Most women with early-stage breast cancer undergo imaging for metastatic cancer despite guidelines
Most women—about 86%—with early-stage breast cancer will undergo imaging to determine if the cancer has metastasized, despite international guidelines that recommend against testing, found a study in CMAJ (Canadian Medical Association Journal).
Guidelines from the American Society of Clinical Oncology, Cancer Care Ontario and the National Comprehensive Cancer Network recommend against imaging for metastatic cancer in asymptomatic women with stage I or II breast cancer, because the likelihood of metastases is low, at 0.2% and 1.2% respectively, and the chance of false-positive findings are high. Unnecessary investigation can result in harm because false-positive results can lead to more invasive tests, treatment delays and increased anxiety.
"Despite guidelines against imaging to detect radiologically evident distant metastases, our results show that this practice is very common among patients with early-stage breast cancer in Ontario," writes Dr. Mark Clemons, an oncologist at The Ottawa Hospital and the University of Ottawa, Ottawa, Ontario, with coauthors.
A study of 26 547 women in Ontario in whom stage I or stage II breast cancer was diagnosed between 2007 and 2012 found that 86% (22 811) underwent at least one imaging test to detect whether the cancer had metastasized. Imaging was performed in about 80% of women with stage I breast cancer and about 93% (11 882) in those with stage II. The average number of tests performed per patient was 3.7 in the pre- and postoperative periods. Surgeons and oncologists ordered the most tests, with surgeons ordering (74%) of preoperative tests and oncologists ordering about 41% of postoperative tests.
The researchers found that the use of advanced imaging, such as computed tomography, magnetic resonance imaging and positron emission tomography, to investigate possible metastases, has increased and now comprises 41% of all initial tests.
There was also variability in use of imaging between geographic regions in the province and between community hospitals and academic institutions.
"If guideline recommendations are to be implemented in practice, additional knowledge translation strategies are needed, as dissemination of clinical practice guidelines alone is not an effective method of changing physician practice behaviours. ... These strategies will also require patient engagement, conclude the authors.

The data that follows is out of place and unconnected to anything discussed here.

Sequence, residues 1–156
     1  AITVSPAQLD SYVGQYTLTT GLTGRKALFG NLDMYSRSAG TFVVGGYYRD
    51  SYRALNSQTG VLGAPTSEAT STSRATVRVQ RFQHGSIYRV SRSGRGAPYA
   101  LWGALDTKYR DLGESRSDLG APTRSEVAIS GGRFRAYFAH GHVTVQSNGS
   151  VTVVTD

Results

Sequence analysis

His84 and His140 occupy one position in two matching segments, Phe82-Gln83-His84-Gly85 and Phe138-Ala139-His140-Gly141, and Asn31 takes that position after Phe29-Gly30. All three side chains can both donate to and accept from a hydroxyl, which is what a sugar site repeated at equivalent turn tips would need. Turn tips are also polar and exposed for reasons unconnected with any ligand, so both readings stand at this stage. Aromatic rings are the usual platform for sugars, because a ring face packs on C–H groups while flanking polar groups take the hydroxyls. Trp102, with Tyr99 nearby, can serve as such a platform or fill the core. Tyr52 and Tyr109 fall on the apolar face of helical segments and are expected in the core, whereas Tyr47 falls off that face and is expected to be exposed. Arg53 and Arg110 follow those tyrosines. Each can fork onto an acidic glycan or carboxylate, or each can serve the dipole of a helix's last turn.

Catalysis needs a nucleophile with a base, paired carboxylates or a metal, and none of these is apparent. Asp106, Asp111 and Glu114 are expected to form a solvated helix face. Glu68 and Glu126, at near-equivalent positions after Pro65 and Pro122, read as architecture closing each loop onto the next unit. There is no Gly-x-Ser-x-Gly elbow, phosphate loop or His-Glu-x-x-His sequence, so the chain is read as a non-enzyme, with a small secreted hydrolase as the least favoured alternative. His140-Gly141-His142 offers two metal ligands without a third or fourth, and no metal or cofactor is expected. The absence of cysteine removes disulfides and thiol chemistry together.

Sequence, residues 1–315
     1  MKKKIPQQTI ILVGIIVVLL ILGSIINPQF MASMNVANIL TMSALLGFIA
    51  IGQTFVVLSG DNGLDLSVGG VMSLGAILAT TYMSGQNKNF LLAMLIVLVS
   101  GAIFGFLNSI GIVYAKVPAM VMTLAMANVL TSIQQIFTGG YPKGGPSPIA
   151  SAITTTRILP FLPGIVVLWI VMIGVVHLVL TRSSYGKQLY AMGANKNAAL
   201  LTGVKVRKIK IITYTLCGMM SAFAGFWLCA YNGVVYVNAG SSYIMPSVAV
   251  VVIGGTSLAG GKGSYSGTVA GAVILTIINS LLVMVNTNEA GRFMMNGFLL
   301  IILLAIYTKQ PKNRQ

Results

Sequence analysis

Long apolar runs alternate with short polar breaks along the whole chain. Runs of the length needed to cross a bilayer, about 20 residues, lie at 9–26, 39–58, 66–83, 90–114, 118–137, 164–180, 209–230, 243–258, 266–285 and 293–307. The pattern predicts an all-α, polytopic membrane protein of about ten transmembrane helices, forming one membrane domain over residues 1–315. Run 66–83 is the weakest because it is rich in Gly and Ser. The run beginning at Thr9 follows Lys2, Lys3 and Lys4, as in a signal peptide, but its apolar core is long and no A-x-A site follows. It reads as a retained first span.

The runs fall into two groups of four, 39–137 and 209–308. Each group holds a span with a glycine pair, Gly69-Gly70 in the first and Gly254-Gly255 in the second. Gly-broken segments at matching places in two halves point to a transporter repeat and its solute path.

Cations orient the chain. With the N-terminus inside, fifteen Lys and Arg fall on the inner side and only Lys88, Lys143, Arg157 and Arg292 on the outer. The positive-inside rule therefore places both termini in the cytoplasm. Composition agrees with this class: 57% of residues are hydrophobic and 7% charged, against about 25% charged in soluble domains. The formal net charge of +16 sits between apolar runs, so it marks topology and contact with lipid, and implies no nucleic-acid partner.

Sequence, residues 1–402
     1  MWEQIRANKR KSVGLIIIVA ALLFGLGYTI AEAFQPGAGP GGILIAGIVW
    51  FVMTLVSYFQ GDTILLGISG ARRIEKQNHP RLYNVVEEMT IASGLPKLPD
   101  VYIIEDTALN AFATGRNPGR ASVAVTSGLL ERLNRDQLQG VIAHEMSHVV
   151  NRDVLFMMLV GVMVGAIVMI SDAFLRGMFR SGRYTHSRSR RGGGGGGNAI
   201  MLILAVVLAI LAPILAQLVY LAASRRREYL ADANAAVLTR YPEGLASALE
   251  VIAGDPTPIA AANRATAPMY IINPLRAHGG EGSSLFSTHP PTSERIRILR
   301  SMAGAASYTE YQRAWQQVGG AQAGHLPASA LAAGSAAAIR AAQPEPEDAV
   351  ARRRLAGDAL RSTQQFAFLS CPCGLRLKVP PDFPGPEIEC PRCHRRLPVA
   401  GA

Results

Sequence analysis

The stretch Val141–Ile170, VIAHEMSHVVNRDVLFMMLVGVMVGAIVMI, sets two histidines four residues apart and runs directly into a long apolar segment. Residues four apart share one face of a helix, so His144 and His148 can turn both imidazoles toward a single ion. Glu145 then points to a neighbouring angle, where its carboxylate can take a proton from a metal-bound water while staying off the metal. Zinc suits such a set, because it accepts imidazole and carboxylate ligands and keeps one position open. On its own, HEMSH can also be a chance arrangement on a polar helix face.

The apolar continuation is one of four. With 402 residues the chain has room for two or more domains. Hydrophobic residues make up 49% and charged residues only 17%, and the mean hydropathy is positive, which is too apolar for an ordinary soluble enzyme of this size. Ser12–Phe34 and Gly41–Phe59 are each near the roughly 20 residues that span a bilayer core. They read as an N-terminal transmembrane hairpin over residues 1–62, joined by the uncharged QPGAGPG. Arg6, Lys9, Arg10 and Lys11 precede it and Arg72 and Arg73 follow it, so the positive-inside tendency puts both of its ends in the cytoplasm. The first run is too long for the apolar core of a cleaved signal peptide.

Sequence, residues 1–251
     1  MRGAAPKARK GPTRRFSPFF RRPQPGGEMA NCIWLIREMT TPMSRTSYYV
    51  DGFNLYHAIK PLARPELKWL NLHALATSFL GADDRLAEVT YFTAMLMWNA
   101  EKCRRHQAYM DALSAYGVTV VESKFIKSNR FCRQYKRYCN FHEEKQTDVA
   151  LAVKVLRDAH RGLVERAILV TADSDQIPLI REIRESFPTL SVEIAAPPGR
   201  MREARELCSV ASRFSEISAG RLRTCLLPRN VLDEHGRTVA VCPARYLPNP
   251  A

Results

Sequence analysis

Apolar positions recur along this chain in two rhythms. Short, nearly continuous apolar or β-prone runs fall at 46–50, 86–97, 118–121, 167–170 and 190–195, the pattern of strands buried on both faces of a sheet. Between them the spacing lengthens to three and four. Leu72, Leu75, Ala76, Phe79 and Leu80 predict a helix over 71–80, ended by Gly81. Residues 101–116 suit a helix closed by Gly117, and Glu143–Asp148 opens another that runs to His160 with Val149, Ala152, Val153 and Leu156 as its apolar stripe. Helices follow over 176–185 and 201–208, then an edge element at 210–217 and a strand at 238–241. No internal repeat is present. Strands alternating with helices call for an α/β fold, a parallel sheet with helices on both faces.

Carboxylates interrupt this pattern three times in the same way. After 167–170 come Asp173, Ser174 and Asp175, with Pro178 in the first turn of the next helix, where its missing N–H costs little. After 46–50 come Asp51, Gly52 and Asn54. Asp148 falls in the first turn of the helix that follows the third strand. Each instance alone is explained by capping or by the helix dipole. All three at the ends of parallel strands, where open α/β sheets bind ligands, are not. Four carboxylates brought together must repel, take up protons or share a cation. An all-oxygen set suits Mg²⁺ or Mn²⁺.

In a related commentary, Drs. Daniel Rayson and Geoff Porter of Queen Elizabeth II Health Sciences Centre and Dalhousie University, Halifax, Nova Scotia, write, "both teams [surgical and oncological] may order tests to reassure and support the anxious, newly diagnosed patient and her loved ones—clearly laudable goals. Patients are often blindsided by a cancer diagnosis and rely on their medical team to be as certain as possible that their disease can be cured and they are not dying."
However, testing has a cascading effect, because recommendations for more confirmatory tests, increased wait times for results and possible treatment can heighten patient and family anxiety as well as increase costs and use of health care resources.
"It is the responsibility of physicians to be knowledge brokers between the evidence-based guidance and their patients. To do so effectively takes time, energy and good interdisciplinary communication. ... For most patients with newly diagnosed stage I and II breast cancer, reflexively ordering staging investigations does not help relieve stress, nor does it detect disease," state the commentary authors.
More information: Canadian Medical Association Journal, www.cmaj.ca/lookup/doi/10.1503/cmaj.150003
Canadian Medical Association Journal, www.cmaj.ca/lookup/doi/10.1503/cmaj.150621